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My Wife, a Stay-at-Home Mom, Expects Too Much of Me When I Come Home From Work

He goes to work and takes care of the bills. His wife is a stay-at-home mom and does the child-rearing. They had an agreement. Only his wife expects more of him. Our Cool Mom has thoughts. A lot of them.

Hey Cool Mom, I work 60 to 70 hours a week at a stressful job, which allows my wife to be a stay-at-home mom and take care of our toddler full-time. I love my son, but on the weekends, I mostly need to rest. I need to veg out in front of the TV. My wife says I should take him to the park and help out around the house, but we divided up the workload already and those fall under her job description. She did the same thing when our son was a baby: asking me to change diapers at night when I need to get up early for work. Of course I did it on occasion, but it can’t be a regular thing.

It’s not like I think women should all be housewives or anything, and I understand that my wife is sacrificing her career growth right now to do this. But we already agreed that making money is my responsibility, childcare and home are hers. We talked about it at length when we became parents. I don’t ask her to help me with my reports, so why should I do laundry? I consider myself an involved dad: my involvement just means working hard so that we can afford the things we need and my wife can afford to not work. Do I have to take the kids to the park and empty the dishwasher? No, right? I’m so tired that I’m not even fun with the kids. Shouldn’t I rest so I can be successful at my job? — Shane C., via email. 

Your question reminds me of Spreadsheet Guy. Remember Spreadsheet Guy? He was this dude who went viral eons ago (meaning, like, in 2014) for keeping a spreadsheet tracking the number of times his wife denied him sex, and her various excuses for doing so. For being so petty as to quantify and document the number of times his wife denied him sex, Spreadsheet Guy was severely dragged, and he became a symbol of male sexual entitlement (at least for a few minutes, until the next butthurt white guy went viral for doing a butthurt white guy thing). And while I don’t think your mathematical approach to the division of household labor is as bad as Spreadsheet Guy’s horniness-fueled Excel habit, lets just say they’re cut from the same butthurt cloth.

Are you a jam band fan? I’m gonna assume you’re a jam band fan. A good marriage is like a good jam band: everyone listens to each other, and everyone is willing to step in and fill in for the other guy if their solo has been going on for 40 minutes and falls apart, or if they need a little break. Your wife and you are in firm agreement about your respective roles in the band: she plays the role of caregiver, while you work a nine to five plus and keep the household afloat. And honestly, that is awesome: many couples spend years trying to figure out how to balance their careers and their families, and it’s great that you’ve found a situation that works for you both. But that doesn’t mean you should just leave her hanging when she’s noodling endlessly on a 45-minute keyboard solo during Mountain Jam. At a certain point, you have to be a good enough listener to know when she’s flailing, and step in and pick the tune back up. Do I listen to this type of music very often? Clearly, no. But do I think parents should step outside their circumscribed roles and help pick up the slack for their partner every now and then? Yes, I do.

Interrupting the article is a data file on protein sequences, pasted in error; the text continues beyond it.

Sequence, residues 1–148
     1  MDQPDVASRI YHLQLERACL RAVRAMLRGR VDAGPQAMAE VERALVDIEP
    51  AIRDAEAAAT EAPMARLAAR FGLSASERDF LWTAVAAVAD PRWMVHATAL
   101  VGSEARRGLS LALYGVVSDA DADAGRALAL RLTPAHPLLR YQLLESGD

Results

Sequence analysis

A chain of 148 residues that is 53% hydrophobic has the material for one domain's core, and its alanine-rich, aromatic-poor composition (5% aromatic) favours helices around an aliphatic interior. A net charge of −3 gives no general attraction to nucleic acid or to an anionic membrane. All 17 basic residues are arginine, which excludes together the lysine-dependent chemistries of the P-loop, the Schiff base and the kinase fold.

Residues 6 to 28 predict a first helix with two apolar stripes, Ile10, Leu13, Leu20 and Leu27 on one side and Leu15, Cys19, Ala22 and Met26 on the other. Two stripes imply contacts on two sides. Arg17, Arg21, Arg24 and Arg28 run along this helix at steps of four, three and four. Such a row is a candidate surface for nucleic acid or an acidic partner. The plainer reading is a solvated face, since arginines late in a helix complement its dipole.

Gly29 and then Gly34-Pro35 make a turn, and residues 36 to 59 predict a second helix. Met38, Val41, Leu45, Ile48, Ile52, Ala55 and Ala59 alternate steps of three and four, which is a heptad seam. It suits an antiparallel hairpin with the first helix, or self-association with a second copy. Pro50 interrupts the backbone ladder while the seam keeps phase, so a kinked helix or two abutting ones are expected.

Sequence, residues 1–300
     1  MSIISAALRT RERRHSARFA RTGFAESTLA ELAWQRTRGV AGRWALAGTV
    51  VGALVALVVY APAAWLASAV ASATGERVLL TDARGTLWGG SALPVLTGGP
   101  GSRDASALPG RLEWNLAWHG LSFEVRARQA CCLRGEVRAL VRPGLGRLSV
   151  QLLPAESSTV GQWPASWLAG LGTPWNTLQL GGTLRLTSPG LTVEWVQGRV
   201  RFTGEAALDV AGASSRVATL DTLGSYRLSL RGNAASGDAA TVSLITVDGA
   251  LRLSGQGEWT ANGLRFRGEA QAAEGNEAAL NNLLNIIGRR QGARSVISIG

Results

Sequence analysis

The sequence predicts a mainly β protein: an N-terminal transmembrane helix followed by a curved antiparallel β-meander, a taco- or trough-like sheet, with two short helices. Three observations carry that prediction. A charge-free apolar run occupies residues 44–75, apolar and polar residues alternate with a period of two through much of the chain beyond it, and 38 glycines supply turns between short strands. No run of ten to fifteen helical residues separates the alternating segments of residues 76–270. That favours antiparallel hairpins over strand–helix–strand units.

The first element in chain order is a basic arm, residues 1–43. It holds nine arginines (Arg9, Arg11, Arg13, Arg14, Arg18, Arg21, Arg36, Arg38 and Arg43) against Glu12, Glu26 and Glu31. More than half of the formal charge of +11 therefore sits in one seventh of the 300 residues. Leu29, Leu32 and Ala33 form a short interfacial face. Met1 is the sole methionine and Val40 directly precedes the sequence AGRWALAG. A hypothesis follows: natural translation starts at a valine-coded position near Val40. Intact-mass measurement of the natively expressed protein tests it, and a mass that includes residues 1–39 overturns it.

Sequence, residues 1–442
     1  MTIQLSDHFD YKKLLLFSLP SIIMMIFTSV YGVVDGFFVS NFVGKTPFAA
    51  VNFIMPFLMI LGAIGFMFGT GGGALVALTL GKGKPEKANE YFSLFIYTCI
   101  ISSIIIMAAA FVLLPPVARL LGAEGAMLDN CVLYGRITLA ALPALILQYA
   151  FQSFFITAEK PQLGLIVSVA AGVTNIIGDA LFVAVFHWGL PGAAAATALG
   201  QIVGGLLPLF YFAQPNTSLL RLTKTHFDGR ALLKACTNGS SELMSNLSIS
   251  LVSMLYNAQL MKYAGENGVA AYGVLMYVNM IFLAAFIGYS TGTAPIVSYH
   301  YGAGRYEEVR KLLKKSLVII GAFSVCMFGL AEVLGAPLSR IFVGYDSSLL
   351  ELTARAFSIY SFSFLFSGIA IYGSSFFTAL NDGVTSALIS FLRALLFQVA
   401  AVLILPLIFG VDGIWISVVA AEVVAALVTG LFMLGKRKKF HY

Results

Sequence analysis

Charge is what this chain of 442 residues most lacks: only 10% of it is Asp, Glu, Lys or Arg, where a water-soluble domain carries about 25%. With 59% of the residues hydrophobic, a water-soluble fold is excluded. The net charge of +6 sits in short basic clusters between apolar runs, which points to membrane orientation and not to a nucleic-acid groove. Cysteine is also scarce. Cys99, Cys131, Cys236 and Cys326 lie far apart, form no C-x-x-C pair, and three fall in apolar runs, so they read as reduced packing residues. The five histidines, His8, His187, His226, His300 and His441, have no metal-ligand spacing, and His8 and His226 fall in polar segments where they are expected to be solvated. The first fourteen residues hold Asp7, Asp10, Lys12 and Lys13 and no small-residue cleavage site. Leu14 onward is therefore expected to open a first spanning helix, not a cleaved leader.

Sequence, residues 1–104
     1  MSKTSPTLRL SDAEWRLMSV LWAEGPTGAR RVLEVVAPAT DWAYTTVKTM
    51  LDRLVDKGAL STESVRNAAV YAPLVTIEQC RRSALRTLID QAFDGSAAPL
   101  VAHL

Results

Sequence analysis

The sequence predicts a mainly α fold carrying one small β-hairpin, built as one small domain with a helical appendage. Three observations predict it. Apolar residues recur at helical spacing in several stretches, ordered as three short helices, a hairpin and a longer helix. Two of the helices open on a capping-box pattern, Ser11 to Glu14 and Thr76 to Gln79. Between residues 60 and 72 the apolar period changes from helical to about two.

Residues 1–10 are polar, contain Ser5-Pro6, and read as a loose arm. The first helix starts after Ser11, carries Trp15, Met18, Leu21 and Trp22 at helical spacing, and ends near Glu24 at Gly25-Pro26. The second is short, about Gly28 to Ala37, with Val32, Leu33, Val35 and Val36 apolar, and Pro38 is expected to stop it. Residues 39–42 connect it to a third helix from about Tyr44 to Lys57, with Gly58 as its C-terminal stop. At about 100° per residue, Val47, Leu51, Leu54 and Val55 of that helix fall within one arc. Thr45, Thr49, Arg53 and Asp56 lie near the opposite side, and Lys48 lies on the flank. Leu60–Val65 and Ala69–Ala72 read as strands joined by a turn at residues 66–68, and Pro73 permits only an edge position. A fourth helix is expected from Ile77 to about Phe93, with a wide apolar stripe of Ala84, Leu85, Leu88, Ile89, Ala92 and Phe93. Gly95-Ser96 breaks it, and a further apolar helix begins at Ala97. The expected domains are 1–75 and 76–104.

Look, I understand the urge to gamify household and child rearing tasks and rack up points to invoke during arguments. First of all, being petty and screamy can be super fun, and second of all, it’s tempting to approach marriage and parenthood the same way you would an excel spreadsheet. If I had a nickel for every time I said to my husband some variation of, “Well, I changed his diaper last time so now it’s your turn to unload the dishwasher,” I’d have, well, a fuckton of nickels. 

But if you approach your marriage that way, you’re going to lose out on valuable time with your son that I promise you will sincerely regret years later. And your wife is going to go, for lack of a better term, apeshit. Have you ever spent more than 10 straight hours alone with a toddler, with only a Keurig and Instagram memes to keep you company? Do you have any idea what that’s like? Seriously, tell me, because I haven’t. I cherish my son, but not quite as much as I cherish my sanity.

You seem to be a numbers-driven, planning-oriented, inbox zero, shit-while-running-product-through-your-hair-to-save-time kind of guy, so here’s my advice: Make Google calendar your friend. Block off one night per week where you give your wife a break — do the dishes, watch the kid, the whole nine yards — and block off one night per week where she gives you some time off, too. In the interim, both of you can give yourselves a break. Get takeout every once in a while, so she doesn’t have to make dinner or worry about doing the dishes; better yet, let the dishes pile up so both of you can take your kid to the park at the same time, and you can enjoy yourselves as a family. Because you’re absolutely right: you work hard, and you deserve some rest. But so does she, on both counts, because childcare is hard work too, and any partnership where one person’s labor is valued over the other is not one that has any chance of long-term success. 

Fatherly IQ
  1. When selecting games to play with your child, the most important criteria is:
    It's fun. You'll laugh together
    It teaches kids how to follow rules
    It teaches hard skills like counting, matching, reading
    It teaches softer skills like empathy, cooperation, listening
    It brings the kid in on a family tradition
    None of the above
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